Guardian Heroes for the Sega Saturn. 2d beat ‘em up. You don’t have to play this game to see how incredibly over-the-top it is. Just dig up a YouTube video and gape in awe at the madness. It is this kind of game that has fomented Treasure’s reputation for good play mechanics buried under impossible visuals. At base level, this game is akin to Double Dragon, Final Fight, or even Golden Axe. You walk along sidescrolling screens (generally headed right) beating up enemies as they appear. Most beat ‘em ups let you work in a few throws or combos to break up the monotony of just hitting the punch button. This genre has all but disappeared nowadays, but in its heyday it was huge. Mostly owing to their popularity in arcades. They are a great cooperative play experience, rather like playing a fighting game where you are partners with someone as opposed to being their enemy. In Guardian Heroes, the setting is a medieval fantasy (with some technology) world. The game has command-motion inputs like many fighting games, and multiplane movement like Fatal Fury, but these things weren’t unheard of in beat ‘em ups. Not being an actual arcade game with their hustle-the-quarters-quickly time constraints, Treasure also added in extensive dialogue scenes, choosable branching story paths, and RPG-like leveling up and character management. Now the game starts to look pretty ambitious next to a typical beat ‘em up, but where Guardian Heroes really sets itself apart is in the execution. The sprites for the characters and enemies are simply-colored anime drawings. But this simplicity allows for dozens of them to be onscreen at once, and for some really huge shapes to move quickly about the screen wreaking havoc. It is common in the game for you (and your buddies) to frequently be attacked by six or ten henchmen, one ‘captain’ with special abilities, and some giant robot with a screen-filling laser ALL AT THE SAME TIME. The chaos is unbelievable. With all of this, of course some visibility, and therefore control, is going to be sacrificed. You can’t always see where your character is and what they are doing underneath all the layers of explosions, bodies, and mayhem. But that’s part of learning the game. You have to learn to deal with it. And positioning yourself so that you can do what you need to is half the game. Simply awesome.
Elemental Master for the Genesis/Mega Drive. 2d vertical STG. A really unique vertical shooter from Technosoft, the folks behind the Thunder Force games. Although your ship is actually a little sorcerer dude walking through the backgrounds, the scrolling is still forced and constant. So the game looks something like Gain Ground in still pictures but is really more akin to the plane/spaceship/flying person sort of shmup. You have a button that fires forward and back, along with a weapon change button akin to Thunder Force. Unlike most of that series’ chapters you don’t lose whatever weapon you have equipped when you get hit. In fact, you have a lifebar as opposed to three lives. This game just rocks. It is perhaps a bit too easy, but it has cool weapons, decent visuals for the 16-bit era, and an awesome soundtrack. In fact, the soundtrack is part of what elevates this game, for me, into the favorites tier. There are good tunes all the way ‘round, but when you first get to the bosses that transform from human to monstrous, the music and sound effects will raise the hair on your neck.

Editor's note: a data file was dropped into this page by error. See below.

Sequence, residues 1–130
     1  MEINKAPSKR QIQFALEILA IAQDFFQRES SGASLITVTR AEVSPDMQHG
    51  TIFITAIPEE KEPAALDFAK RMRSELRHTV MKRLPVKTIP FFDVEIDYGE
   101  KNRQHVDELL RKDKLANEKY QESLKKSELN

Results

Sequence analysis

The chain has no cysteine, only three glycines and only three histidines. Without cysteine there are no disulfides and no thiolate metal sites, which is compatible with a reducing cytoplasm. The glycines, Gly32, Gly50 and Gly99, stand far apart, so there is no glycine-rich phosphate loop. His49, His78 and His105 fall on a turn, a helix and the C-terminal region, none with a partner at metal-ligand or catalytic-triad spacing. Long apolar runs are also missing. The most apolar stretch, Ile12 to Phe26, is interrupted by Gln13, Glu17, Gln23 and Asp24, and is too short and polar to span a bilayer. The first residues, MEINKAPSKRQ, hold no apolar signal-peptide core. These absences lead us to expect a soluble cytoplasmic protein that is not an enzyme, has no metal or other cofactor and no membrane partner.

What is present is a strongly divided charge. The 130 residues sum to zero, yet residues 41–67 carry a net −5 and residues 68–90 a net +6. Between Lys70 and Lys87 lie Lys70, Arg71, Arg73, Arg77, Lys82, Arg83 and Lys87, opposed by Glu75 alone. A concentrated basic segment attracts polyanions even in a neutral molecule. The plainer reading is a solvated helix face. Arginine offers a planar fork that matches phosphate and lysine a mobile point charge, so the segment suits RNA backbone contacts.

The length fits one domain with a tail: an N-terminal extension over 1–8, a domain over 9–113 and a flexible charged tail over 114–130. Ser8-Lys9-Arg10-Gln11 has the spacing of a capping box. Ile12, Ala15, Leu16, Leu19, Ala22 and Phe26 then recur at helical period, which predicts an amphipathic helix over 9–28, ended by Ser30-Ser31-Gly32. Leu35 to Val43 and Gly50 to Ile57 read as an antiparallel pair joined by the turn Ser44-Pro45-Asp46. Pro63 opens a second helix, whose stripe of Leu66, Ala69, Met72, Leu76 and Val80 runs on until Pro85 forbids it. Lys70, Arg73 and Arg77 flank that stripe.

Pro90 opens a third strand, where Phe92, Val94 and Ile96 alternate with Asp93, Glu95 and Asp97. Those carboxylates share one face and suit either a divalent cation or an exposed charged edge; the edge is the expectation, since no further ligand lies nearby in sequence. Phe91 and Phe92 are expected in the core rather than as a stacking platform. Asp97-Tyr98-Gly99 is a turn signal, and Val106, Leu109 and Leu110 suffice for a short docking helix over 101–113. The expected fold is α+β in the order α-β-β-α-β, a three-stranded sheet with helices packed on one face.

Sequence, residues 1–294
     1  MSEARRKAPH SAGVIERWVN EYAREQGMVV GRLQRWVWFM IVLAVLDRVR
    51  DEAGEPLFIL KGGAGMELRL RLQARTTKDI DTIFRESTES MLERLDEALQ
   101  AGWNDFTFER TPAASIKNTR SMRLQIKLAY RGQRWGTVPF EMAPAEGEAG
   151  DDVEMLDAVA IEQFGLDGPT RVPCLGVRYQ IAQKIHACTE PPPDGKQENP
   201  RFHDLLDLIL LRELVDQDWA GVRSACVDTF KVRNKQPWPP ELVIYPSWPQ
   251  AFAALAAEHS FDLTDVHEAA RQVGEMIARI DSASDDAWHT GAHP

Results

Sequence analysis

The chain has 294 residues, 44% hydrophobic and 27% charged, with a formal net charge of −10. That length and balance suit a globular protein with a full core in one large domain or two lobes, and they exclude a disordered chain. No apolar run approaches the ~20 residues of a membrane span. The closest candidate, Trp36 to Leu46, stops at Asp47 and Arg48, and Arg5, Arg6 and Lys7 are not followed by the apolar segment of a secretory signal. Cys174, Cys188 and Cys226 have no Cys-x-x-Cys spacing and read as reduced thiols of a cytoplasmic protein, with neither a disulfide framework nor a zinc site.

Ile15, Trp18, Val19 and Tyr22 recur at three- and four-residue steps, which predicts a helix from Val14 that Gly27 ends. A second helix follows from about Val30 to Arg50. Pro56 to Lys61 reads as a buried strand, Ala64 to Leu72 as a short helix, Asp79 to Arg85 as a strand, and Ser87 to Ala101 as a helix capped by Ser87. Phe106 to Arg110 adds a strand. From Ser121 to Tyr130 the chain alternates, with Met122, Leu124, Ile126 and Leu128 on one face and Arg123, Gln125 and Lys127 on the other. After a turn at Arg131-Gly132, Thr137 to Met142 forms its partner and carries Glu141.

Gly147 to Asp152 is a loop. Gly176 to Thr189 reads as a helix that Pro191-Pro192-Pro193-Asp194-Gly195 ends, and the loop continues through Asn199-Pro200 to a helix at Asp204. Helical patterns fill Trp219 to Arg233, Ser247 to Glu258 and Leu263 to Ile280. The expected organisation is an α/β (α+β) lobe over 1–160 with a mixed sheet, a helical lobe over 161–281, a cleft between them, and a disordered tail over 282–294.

Cyberbots for the Sega Saturn. 2d fighting game. A flashy, if somewhat simple mech fighter from Capcom. Gameplay is a variant of Capcom’s standard six-button system, like Street Fighter or Darkstalkers. The robots are varied, and the artwork is decent… again pretty reminiscent of Capcom’s other fighting games. Although more serious than Darkstalkers, the robots can pull off the same sort of ‘impossible’ special moves, blasting or slicing with weapons their mechanical bodies couldn’t possibly contain. But it is all done very well, with lots of trash talking between the rounds. Looking at this, I’m guessing it was kind of the blueprint for higher profile mech fighters that came along like the Gundam Battle Assault series. The way damage, weapons, and movement are represented all look very similar. The hero/Ryu character in the game made his way to being an unlockable in the later polygonal fighter Techromancer (Kikaioh). A decent game, but it probably doesn’t compel anyone but Capcom fighting game completists or fans of mech-on-mech violence.
Zero Wing for the Genesis/Mega Drive. 2d horizontal STG. This game is kind of odd compared to most shooters, but pretty typical of games from the developer, Toaplan. Famous for the bad Engrish that gave us, ‘All your base are belong to us’, this game plays in a slow-paced (R-type speed as opposed to Thunder Force speed) fashion with a conventional power up system. But like most Toaplan games it is solidly designed with a gradually ramping difficulty level, widely varying levels and enemies, and an weird, rough art style that makes for some strange and memorable bosses. The music is actually really good too. I kind of got hooked on this in an arcade, in some town I was visiting. I never got to play it to completion. So when I saw there was a Genesis version I jumped on it. The port is pretty good. It isn’t as detailed as the arcade version and it doesn’t have as many layers of background scrolling, but all the enemies and timing seem right (compared to what I remember), and the soundtrack is actually better… same tunes but less tinny arrangement and ‘instruments’. This game won’t win any awards for originality (apart from the ‘Weird Boss Award’) but it is a good example of an almost relaxing STG experience. Not easy per se… but not stressful either, even in the difficult sections of the later levels.
(as usual images stolen from HG101 and a few other sources)